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To the Lighthouse by Virginia Woolf

To the Lighthouse (1927)

by Virginia Woolf

Other authors: See the other authors section.

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English (187)  Dutch (3)  Catalan (2)  Italian (2)  Swedish (1)  Danish (1)  Hebrew (1)  Spanish (1)  Norwegian (1)  All languages (199)
Showing 1-5 of 187 (next | show all)
The language is so beautifully evocative. The careful echoing of the longer first section, which allows the reader to meet and understand the Ramseys and Lily Briscoe in particular, with the concluding section where Lily (the artist) is forced to come to terms with what it all means is balanced by the much briefer middle part. That section is where we learn of the events of the painful period of Mrs. Ramsey's death, World War II and the passage of time. It functions as a sort of intercession for both the reader and Lily, allowing us to gain perspective (almost without realizing it) on how "we perish, each alone." Such a very powerful book. ( )
1 vote PatsyMurray | Aug 5, 2018 |
One of the great books. ( )
  MikeMonje | Jul 29, 2018 |
2-stars for enjoyment, 4-stars for significance. I compromised at 3-stars.

While I can fully appreciate the depth and importance of the themes Woolf deals with in this novella, it is her style and approach that make it so hard for me to praise it. It is a scant 159 pages and yet I have read books of 1000 pages with less drag and suffering (my suffering not the characters). I must say, for me, it was like reading one very, very long run-on sentence without being given even the respite of a comma to allow me to take my breath. I think Virginia Woolf would be happy to know I felt that. I believe it was her intent.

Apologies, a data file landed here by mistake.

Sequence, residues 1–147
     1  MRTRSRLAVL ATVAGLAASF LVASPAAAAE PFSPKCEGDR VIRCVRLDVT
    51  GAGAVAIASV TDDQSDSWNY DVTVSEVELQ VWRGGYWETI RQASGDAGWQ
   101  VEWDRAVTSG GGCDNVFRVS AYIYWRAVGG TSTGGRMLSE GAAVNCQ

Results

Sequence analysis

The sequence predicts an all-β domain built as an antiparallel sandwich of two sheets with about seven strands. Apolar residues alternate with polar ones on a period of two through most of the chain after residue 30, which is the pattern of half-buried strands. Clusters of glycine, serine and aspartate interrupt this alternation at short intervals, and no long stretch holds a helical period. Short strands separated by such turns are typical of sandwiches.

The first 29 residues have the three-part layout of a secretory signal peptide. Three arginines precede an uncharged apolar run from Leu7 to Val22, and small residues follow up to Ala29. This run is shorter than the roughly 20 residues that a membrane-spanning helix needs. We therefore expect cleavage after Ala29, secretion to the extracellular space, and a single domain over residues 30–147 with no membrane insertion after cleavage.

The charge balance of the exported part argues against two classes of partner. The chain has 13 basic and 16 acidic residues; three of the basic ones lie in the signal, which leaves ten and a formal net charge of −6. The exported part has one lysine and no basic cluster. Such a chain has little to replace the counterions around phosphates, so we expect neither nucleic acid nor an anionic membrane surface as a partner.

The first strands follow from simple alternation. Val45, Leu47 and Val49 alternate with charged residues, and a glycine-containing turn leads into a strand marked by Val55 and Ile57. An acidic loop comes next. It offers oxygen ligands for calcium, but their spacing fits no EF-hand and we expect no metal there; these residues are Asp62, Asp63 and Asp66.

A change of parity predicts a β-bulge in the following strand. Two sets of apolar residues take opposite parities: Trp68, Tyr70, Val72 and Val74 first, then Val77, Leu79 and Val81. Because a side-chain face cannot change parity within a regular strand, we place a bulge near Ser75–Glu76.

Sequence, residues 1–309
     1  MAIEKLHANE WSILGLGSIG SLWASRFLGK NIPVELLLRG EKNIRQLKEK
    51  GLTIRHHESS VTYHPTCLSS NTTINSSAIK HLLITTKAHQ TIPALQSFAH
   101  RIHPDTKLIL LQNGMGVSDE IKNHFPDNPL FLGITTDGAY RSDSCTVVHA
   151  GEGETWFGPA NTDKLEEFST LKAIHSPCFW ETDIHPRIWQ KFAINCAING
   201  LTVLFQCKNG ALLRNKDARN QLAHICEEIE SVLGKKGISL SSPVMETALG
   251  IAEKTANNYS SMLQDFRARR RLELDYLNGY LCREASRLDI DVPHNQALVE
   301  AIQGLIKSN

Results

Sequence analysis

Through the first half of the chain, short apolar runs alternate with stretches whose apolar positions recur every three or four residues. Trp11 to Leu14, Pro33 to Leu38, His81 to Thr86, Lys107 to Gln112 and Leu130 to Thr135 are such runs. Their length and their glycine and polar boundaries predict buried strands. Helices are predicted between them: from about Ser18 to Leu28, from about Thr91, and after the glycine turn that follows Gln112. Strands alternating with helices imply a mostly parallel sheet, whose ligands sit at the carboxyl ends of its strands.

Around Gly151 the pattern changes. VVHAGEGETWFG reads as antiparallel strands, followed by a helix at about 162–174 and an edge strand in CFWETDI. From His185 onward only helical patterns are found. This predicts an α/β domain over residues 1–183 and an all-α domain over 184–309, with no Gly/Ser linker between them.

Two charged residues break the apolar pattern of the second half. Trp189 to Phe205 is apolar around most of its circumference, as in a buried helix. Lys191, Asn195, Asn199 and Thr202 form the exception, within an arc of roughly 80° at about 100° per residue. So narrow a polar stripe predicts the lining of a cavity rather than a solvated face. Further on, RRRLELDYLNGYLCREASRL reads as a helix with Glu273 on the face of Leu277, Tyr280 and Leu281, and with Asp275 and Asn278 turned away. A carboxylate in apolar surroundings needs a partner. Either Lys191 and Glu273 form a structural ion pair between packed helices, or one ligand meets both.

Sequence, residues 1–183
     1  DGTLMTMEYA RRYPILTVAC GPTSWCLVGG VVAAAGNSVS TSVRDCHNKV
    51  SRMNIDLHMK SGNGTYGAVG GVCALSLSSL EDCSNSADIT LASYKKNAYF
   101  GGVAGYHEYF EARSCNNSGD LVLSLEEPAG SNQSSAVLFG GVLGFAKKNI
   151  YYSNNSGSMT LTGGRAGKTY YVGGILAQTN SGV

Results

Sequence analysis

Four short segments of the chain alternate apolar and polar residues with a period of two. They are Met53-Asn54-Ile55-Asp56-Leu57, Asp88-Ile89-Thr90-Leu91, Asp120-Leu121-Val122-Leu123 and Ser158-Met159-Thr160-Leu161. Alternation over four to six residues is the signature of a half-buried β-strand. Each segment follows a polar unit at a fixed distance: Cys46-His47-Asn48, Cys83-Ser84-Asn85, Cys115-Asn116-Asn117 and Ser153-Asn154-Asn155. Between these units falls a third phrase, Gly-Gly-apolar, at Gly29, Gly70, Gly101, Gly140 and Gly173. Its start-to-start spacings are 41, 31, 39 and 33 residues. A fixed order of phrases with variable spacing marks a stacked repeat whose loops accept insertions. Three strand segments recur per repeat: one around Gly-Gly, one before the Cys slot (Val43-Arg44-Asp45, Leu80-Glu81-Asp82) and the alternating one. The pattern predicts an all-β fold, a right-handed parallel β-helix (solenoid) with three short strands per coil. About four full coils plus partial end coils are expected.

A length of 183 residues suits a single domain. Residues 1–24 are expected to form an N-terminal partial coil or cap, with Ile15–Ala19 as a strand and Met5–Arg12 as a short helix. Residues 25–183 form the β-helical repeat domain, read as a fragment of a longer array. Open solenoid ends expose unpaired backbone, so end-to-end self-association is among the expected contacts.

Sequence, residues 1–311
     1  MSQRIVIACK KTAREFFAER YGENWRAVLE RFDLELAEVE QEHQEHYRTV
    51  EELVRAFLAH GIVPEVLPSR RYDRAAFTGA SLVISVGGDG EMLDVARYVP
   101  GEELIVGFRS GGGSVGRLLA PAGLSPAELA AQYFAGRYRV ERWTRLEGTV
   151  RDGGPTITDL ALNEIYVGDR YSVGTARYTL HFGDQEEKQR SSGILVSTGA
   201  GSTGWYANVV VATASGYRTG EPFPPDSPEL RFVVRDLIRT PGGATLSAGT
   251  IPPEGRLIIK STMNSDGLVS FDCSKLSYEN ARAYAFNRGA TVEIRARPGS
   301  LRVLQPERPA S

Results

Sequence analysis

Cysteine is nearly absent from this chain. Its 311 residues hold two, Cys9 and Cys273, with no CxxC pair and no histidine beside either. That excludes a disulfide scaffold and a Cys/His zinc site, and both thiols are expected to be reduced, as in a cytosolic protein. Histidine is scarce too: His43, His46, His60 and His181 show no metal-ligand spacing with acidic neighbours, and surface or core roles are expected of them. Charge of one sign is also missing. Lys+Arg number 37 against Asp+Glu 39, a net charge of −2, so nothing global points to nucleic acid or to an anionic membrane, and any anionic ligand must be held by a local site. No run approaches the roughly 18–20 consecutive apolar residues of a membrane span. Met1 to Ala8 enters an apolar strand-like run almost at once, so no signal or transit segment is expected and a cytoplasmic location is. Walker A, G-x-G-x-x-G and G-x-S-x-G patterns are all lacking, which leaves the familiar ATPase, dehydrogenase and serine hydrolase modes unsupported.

Woolf packs a wallop into such a short work. One gets a true sense of the almost insurmountable differences between the sexes and, for that matter, the isolation of the individual from the society in which they figure. The lighthouse looms as the unattainable goal at the beginning of the novel and the ultimate disappointment at its end. The mid-section is a jarring departure from the already loosely constructed story, and again that is Woolf’s full intent. It is almost in passing that we learn that Mrs. Ramsey has died suddenly, and the impact of how we are told is a reflection of the way in which people pass from life to death in reality. In fact, the lack of meaning in life itself seems to be another of Woolf’s themes. We see in both Mr. Ramsey and Lily a search for meaning in their work, something of permanence that will outlive them and we know that there is little chance that either of them will be remembered in any significant way when they have gone.

I believe this work has significance and fully understand why Woolf receives high regard and accolades, so it will seem a bit confusing when I say that this will no doubt be the last Woolf I will tackle. It is my third try, and I am either too shallow or she is too complicated, but I am far too old to devote time to reading that feels more like torture than satisfaction. Who’s Afraid of Virginia Woolf? Well, Mr. Albee, I can now answer that question. I am. ( )